Bradley’s comfort zone is as big as the field and his range has made him indispensable for the USMNT. He is not in the elite class of game-controlling central midfielders, but he is the best player America has. Few Americans have succeeded as well as he has in Europe, and nobody has done it so many times. Bradley has established himself as a vital part of a European team four times, including stops at Borussia Mönchengladbach and AS Roma. These are big, historically significant clubs with Champions League aspirations, and Bradley was an important cog at both. Many Americans sign with European squads and don’t ingratiate themselves into the fabric of the team. Landon Donovan famously couldn’t stick in Germany, Jozy Altidore has bounced around Europe, and Clint Dempsey only lasted a year at Tottenham before leaving.

But for all Bradley’s European successes, he left Roma and is headed back to MLS. He helped Roma to a 10-game win streak to start the Serie A season, and was receiving minutes despite a loaded midfield, which includes Kevin Strootman, who is himself a Dutch Michael Bradley with a few tweaks. Bradley’s stateside move was apparently motivated by a desire to stay sharp ahead of the approaching World Cup in Brazil, or by that and Toronto FC’s treasure chest full of money and the promise of unbounded playing time.

It is almost reflexive for American fans to be disappointed in this move. Bradley is good enough to keep earning his minutes at Roma, and has the pedigree to stay employed on a team in the big four European leagues. To give that up feels like settling at some level, as if Bradley thought he was playing above his head or, in the mode of the European stars who have elected to spend their twilight years in MLS, saw the writing on the wall and was cashing in one last payday. Neither is becoming for a player that represented the biggest success story for Americans in Europe; it could be interpreted as a step back for the whole program, and not just for Bradley. Coach Jurgen Klinsmann stresses the importance of playing at the highest level, and Bradley belongs there. He opted out of that.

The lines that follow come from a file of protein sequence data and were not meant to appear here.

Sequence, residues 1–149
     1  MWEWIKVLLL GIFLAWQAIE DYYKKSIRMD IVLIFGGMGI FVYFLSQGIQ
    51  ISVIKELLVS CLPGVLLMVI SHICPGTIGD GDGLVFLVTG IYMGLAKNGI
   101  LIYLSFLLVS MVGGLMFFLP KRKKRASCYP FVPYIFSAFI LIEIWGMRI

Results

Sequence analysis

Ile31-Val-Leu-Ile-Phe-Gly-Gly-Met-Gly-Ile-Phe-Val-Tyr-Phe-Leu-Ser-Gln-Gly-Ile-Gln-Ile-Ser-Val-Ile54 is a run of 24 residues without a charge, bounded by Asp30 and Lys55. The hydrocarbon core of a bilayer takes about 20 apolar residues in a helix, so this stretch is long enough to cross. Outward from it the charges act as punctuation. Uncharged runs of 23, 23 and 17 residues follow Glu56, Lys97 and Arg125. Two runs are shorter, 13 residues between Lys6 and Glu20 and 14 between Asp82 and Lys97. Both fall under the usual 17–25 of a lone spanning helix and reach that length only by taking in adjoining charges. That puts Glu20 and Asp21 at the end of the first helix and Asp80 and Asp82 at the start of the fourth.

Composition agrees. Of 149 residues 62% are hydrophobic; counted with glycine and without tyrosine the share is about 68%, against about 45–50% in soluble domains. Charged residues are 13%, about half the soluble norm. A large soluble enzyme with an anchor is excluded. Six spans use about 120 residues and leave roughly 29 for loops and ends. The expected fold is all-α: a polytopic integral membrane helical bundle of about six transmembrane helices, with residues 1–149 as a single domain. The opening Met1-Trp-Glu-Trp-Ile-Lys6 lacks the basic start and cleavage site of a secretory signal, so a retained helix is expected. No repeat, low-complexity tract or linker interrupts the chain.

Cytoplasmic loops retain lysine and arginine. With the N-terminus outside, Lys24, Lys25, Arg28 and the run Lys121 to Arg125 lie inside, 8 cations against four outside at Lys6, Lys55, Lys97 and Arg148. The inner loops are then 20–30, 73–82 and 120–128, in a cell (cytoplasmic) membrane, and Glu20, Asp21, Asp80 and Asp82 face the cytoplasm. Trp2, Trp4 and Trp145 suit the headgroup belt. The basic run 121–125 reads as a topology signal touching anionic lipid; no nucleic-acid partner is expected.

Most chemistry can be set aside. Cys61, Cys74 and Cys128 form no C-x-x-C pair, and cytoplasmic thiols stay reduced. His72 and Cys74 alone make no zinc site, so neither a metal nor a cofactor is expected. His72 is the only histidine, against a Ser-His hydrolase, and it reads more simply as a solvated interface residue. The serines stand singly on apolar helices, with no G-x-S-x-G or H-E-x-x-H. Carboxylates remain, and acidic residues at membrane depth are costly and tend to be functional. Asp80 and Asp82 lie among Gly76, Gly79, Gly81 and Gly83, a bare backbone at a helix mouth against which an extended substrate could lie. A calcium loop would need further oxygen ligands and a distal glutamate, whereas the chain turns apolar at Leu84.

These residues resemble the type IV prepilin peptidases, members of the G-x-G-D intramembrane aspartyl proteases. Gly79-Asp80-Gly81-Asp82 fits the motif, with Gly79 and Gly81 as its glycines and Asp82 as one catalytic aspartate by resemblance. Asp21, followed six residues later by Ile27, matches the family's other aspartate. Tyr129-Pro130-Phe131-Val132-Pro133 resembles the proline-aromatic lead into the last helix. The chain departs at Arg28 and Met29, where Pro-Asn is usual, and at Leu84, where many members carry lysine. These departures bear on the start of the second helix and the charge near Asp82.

But, as Connor Huchton noted in this space, MLS is growing up. The league gets more talented by the year -- England international Jermaine Defoe will be joining Bradley in Toronto -- and MLS players played a huge role in what has been the USMNT’s best year of all time. This is no longer a knockoff league full of castaways and underachievers. It is, instead, a legitimate place to develop talent, especially with USMNT legends Landon Donovan and Clint Dempsey playing for MLS teams. The league isn’t as stylish as Serie A or the EPL, but that will follow as the talent level keeps rising. Michael Bradley’s return is certainly part of that. It is even, in some ways, the sort of selfless big-picture move we’ve come to expect from Bradley.

After all, a strong MLS is key to USMNT success, even if the presence of the nation’s best players in the league means that American players aren’t testing themselves against the highest level of competition possible. Regardless of how much of a spiritual victory Michael Bradley’s European success was, his return is for the good of everyone. FC Toronto’s attempts to challenge for trophies after trudging through the lower ranks of MLS smacks of the oil money renaissance at Manchester City, but starting the new era off with Michael Bradley rather than some over-aged European has-been is prescient. It’s as ground-up as it gets.

Toronto had dropped every one of their last 7 season-openers until they broke through and beat a perennially good Seattle team 2-1 on Saturday. Defoe scored both goals in a short time interval, both of them fairly simple finishes. Bradley wasn’t directly involved, but he was everywhere all the time, as is custom. MLS isn’t as quick as Serie A, but it’s arguably as physical, and Bradley thrives in those conditions. He would muscle Clint Dempsey off the ball, then make an elegant flick pass out to the wing. Bradley plays ugly enough to fit in MLS and pretty enough to thrive there.

There is a tendency to label a nation’s best young player their ‘Messi’, the same way any preternaturally talented shooting guard tends to be evaluated for his potential to be The Next Jordan. But, of course, the USMNT doesn’t have a Messi, and if such an athlete exists he is likely playing basketball or football somewhere. More to the point, a player like that wouldn’t make sense for an American squad anyway. Instead, the talisman for 2014 and the future is a number 8, not a 10. This sort of player plays like the past and the future of American soccer all at once. He is, as it turns out, already home.